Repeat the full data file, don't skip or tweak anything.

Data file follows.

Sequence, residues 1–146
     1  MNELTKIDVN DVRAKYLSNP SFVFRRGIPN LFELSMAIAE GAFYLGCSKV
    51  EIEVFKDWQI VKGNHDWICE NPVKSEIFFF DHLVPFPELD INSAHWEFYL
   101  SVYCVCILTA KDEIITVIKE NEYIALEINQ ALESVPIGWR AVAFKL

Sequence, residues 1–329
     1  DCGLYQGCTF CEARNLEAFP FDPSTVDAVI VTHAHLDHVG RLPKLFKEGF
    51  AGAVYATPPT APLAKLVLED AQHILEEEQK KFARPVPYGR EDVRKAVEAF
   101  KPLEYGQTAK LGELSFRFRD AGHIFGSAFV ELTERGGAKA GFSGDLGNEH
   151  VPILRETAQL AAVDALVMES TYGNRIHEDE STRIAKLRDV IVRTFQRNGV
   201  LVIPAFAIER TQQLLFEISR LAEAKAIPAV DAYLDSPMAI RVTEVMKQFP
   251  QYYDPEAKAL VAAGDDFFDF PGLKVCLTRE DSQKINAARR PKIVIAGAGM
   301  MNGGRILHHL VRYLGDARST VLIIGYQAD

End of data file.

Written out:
Sequence, residues 1–146
     1  MNELTKIDVN DVRAKYLSNP SFVFRRGIPN LFELSMAIAE GAFYLGCSKV
    51  EIEVFKDWQI VKGNHDWICE NPVKSEIFFF DHLVPFPELD INSAHWEFYL
   101  SVYCVCILTA KDEIITVIKE NEYIALEINQ ALESVPIGWR AVAFKL

Sequence, residues 1–329
     1  DCGLYQGCTF CEARNLEAFP FDPSTVDAVI VTHAHLDHVG RLPKLFKEGF
    51  AGAVYATPPT APLAKLVLED AQHILEEEQK KFARPVPYGR EDVRKAVEAF
   101  KPLEYGQTAK LGELSFRFRD AGHIFGSAFV ELTERGGAKA GFSGDLGNEH
   151  VPILRETAQL AAVDALVMES TYGNRIHEDE STRIAKLRDV IVRTFQRNGV
   201  LVIPAFAIER TQQLLFEISR LAEAKAIPAV DAYLDSPMAI RVTEVMKQFP
   251  QYYDPEAKAL VAAGDDFFDF PGLKVCLTRE DSQKINAARR PKIVIAGAGM
   301  MNGGRILHHL VRYLGDARST VLIIGYQAD